As a marketer, the most important part of your job is ensuring that the content you create makes back twice as much as what you put into it. TF-IDF is just one of several factors that Google uses to identify good content and produce the best search results.
Calculating TF-IDF is no small feat. It requires serious computational powers that are beyond those of a normal computer. And the tools that offer a TF-IDF analysis usually test and score words on a much smaller data set than Google’s index.
The words that the tools suggest may or may not be the most important, as Google’s data set and its TF-IDF algorithm work with more words and a larger pool of documents.
That being said, knowing what TF-IDF is and how it works will help you find relevant terms associated with the primary keyword. When combined with NLP terms, it will act as a north star for finding content gaps and creating SEO topics that are sure to rank well.
The following are a few ways you can use TF-IDF analysis and NLP terms in your content marketing strategy:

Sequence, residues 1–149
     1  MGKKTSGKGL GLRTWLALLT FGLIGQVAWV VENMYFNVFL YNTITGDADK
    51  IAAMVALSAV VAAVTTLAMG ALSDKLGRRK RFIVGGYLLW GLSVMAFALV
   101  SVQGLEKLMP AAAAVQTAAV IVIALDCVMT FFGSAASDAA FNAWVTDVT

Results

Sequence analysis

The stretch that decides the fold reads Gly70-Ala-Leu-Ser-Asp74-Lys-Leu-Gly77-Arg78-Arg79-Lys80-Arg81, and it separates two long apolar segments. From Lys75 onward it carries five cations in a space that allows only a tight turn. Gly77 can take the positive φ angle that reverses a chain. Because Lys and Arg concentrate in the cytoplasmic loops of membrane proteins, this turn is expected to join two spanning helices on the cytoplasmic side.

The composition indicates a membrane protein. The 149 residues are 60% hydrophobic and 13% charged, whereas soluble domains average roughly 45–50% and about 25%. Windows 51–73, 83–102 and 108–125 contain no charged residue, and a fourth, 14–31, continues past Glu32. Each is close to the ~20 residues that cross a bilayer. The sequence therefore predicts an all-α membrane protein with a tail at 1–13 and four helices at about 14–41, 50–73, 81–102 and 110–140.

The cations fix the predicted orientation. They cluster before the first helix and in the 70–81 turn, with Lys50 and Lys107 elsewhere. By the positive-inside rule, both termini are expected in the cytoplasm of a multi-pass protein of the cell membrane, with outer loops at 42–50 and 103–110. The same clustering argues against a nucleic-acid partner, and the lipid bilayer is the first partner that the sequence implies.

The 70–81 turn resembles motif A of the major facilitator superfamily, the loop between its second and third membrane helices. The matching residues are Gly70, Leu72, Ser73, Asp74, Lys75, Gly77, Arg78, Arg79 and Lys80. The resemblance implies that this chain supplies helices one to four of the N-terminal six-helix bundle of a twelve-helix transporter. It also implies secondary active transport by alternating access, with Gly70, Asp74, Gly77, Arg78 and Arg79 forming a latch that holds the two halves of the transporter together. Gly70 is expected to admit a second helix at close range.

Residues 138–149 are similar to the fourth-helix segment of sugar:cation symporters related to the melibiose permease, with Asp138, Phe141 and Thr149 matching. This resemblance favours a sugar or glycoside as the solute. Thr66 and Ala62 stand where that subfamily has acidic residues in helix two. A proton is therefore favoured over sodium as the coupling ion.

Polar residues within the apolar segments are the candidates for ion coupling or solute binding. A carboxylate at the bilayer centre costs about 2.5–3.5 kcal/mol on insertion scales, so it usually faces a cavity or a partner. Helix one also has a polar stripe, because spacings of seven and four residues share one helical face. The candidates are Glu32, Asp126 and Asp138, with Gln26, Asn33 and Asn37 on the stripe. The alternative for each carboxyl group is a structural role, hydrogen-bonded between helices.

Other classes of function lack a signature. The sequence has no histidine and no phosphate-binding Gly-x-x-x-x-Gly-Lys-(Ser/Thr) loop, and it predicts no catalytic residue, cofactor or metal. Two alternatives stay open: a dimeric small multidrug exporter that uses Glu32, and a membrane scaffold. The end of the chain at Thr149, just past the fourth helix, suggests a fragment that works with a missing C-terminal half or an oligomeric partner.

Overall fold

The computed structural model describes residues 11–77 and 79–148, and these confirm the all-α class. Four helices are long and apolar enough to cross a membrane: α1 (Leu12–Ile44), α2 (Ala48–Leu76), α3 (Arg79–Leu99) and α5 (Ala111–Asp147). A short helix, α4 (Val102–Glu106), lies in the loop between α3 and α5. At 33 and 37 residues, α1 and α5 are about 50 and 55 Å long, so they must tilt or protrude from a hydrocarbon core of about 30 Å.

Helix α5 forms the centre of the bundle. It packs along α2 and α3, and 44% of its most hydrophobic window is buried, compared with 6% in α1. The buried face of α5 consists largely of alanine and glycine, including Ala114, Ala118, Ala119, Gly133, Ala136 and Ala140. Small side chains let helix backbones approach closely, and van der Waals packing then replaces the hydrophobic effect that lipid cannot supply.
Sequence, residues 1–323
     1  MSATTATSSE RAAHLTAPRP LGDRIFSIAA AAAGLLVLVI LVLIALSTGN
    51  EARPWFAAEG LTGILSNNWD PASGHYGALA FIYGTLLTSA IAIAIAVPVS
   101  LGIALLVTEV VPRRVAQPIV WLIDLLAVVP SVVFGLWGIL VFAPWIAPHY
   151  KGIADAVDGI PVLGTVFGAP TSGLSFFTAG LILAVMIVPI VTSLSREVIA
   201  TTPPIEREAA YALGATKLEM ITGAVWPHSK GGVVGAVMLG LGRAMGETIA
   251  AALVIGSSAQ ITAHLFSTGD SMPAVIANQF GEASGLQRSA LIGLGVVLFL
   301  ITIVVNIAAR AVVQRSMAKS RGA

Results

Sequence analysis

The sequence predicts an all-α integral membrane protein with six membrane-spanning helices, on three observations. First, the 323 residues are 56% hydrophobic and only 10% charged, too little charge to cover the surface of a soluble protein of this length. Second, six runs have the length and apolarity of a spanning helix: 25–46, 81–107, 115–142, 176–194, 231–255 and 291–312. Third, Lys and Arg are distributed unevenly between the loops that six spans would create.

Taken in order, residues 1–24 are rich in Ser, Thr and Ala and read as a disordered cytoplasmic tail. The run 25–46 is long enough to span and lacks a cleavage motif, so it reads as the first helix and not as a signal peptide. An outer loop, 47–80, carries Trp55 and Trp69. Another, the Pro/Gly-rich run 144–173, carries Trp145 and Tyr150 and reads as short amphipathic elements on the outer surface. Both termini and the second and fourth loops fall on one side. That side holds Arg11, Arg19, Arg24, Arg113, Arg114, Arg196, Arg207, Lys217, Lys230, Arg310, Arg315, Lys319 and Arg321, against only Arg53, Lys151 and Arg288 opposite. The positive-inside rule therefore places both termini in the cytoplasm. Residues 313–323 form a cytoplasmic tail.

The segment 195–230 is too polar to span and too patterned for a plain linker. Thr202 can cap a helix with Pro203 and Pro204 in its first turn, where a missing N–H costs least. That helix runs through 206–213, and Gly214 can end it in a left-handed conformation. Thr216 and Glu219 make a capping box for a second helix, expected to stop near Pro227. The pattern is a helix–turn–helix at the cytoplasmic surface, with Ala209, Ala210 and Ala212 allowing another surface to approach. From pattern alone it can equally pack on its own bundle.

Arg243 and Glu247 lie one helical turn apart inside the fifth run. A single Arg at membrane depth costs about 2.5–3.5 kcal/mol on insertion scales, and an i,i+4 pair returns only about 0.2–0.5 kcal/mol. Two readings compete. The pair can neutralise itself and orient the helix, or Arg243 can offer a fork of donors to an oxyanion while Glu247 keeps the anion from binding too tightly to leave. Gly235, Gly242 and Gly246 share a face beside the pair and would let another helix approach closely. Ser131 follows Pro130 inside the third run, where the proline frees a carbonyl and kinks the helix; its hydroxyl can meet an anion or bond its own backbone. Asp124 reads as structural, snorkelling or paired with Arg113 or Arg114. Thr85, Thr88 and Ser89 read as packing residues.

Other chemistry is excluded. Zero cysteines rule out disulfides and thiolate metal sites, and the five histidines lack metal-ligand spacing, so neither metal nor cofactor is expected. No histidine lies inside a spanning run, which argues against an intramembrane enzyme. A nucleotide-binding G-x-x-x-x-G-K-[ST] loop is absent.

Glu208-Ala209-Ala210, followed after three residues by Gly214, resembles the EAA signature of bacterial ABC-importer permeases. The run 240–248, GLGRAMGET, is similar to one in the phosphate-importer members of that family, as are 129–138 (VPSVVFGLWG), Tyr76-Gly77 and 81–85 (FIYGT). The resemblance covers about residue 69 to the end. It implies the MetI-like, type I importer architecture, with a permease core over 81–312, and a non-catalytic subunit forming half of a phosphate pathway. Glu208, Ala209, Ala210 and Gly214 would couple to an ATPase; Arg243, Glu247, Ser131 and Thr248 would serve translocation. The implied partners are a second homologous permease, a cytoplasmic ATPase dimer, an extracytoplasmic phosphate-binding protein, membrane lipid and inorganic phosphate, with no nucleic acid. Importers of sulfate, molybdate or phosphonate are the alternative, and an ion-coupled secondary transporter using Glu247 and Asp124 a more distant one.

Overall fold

- Upgrading existing content to ensure that you use all the important related terms to your primary keyword.
- Aligning your blogs with a single core topic. TF-IDF and NLP terms related to your primary keyword can help you develop an extensive blogging calendar with a series of related insightful blogs.
- Quickly analyzing the depth and breadth of the content in your industry niche. A TF-IDF analysis of the most common keyword of your industry will tell you what topics have been covered already and which topics are there for the taking.
Note: TF-IDF is not the only way, always create content focused on your users
Optimizing your content with the help of TF-IDF and NLP terms is a great way to increase the search engine relevance of your content.
However, it is extremely important that we always keep the internet user in mind while creating content. The most effective way of getting that top-ranking position in SERPs is by publishing high-quality, actionable content for your target audience.
At Scalenut, we love content and pride ourselves on having the best content marketing and SEO platform, but we also acknowledge the importance of the human element in content. “Man + machine" is the best approach for successful content marketing.
Thinking about teaming up with an awesome content marketing and SEO machine?